A day after reporting a sharp drop in second-quarter earnings, embattled German automaker Volkswagen AG got some good news. Despite its ongoing diesel emissions problems, VW is once again the world’s best-selling automaker – albeit because of a series of unexpected production problems that have been hobbling Japanese giant Toyota in recent months.
Hit by both natural and man-made disasters, Toyota has repeatedly been forced to trim home market production, and the result was a global slide of 0.6% in sales for the first half of 2016, to 4.992 million vehicles. A year earlier, the automaker sold 5.021 million Toyota, Lexus and Daihatsu-branded vehicles from January through June.
Though sales have been down in some markets, notably including the U.S., where it can’t sell its once-popular diesel models, VW managed to deliver 5.116 million cars, trucks and crossovers for the first half of this year, a 1.5% increase.
(VW Q2 earnings hammered by diesel scandal. Click Here for the full story.)
Landing at the top of the global sales charts hands Volkswagen some much-needed good news at a time of broader crisis for Europe’s largest automaker. Barely a month ago it agreed to a $14.7 billion settlement with U.S. and California regulators after admitting it cheated on diesel emissions tests. A federal judge in San Francisco this week approved the settlement.
But VW still has plenty of legal challenges to work through. The U.S. deal only covers the maker’s 2.0-liter turbodiesel, with a separate settlement still in the works for a higher-end 3.0-liter engine. Meanwhile, criminal investigations are in process in the U.S. and Germany. VW has promised to compensate American dealers for losses and it is facing similar claims from investors.
The maker is describing as “regrettable” a $176 million fine levied by the State of Washington as a result of its cheating on diesel emissions. And it faces lawsuits filed last week by New York and two other states.
After setting aside about $19 billion in its 2015 earnings to cover the scandal, VW’s bottom line has continued to take a hit, as shown by the 12% drop in operating income for the second-quarter of 2016. And its luxury arm, Audi, now says it will likely come in “slightly below” its earnings targets for the full year.
(US July sales expected to be flat, but industry still on another record pace. Click Here for more.)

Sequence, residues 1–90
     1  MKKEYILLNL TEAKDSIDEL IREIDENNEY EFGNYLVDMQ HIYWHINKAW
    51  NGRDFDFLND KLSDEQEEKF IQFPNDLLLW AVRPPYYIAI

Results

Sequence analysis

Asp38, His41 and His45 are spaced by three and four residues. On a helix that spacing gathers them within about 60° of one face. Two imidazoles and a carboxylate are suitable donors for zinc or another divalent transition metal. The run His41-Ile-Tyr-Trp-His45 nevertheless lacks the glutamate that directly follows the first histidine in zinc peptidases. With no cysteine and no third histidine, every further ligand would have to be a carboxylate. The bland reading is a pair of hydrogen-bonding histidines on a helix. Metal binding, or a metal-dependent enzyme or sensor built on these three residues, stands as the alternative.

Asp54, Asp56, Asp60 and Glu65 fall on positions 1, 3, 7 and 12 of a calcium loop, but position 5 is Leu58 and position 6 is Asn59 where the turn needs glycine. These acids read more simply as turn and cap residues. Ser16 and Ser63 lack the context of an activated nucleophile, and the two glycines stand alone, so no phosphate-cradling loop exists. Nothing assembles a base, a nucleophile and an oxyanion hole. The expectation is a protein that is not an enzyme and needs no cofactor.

Toyota, which is set to release its own earnings report in the coming days, has been facing its own problems. And, like VW, they cover a multitude of problems: a slide in production and subsequent dip in sales chief among them.
The year got off to a bad start when an explosion at a key steel supplier disrupted production at a number of Toyota plants. That was followed, in April, by a series of earthquakes in Southern Japan that interrupted production by a number of other suppliers. Other parts production issues followed.
As a result, home market output has been repeatedly set back behind plan. Toyota has the highest share of its production based in Japan of any of the top-tier Japanese makers, though it did trim back a bit after the devastating earthquake and tsunami that hit the northern part of Japan’s main island in 2011.
That disaster temporarily knocked Toyota out as global sales king-of-the-hill, General Motors briefly regaining the lead it had once held for a consecutive three-quarters of a century. This time, GM is nowhere close to being able to take advantage of Toyota’s problems. It saw global sales decline for the first half by 1.2%, to 4.76 million, in part due to a U.S. strategy to pull back from low-profit fleet business.
Whether Toyota can catch back up to VW during the second half is far from certain. The maker’s production lines are running at normal pace and, in some cases, accelerating output to recover earlier delays. But it has other challenges.
It’s Prius model, long the world’s best-selling hybrid, has lost momentum in the wake of the slump in fuel prices – despite the launch of an all-new version of the gas-stingy model for 2016. Two of its other main global models, the midsize Camry and compact Corolla, have also been struggling.
Under former CEO Martin Winterkorn, Volkswagen had set a target of becoming the world’s largest automaker by 2018. It is far from certain it can maintain its current lead until then, especially if it can’t fix its problems in the U.S. anytime soon. But Toyota will have its own challenges to deal with, so the longer-term outcome in this global race is far from certain.
(Grand jury looking into Fiat Chrysler sales practices. But could other automakers be caught in the net? Click Here.)
Tags: GM sales, VW sales, auto news, car news, gm news, paul a. eisenstein, paul eisenstein, thedetroitbureau, toyota news, toyota sales, volkswagen sales, vw diesel, vw diesel scandal, vw earnings, vw global sales lead, vw news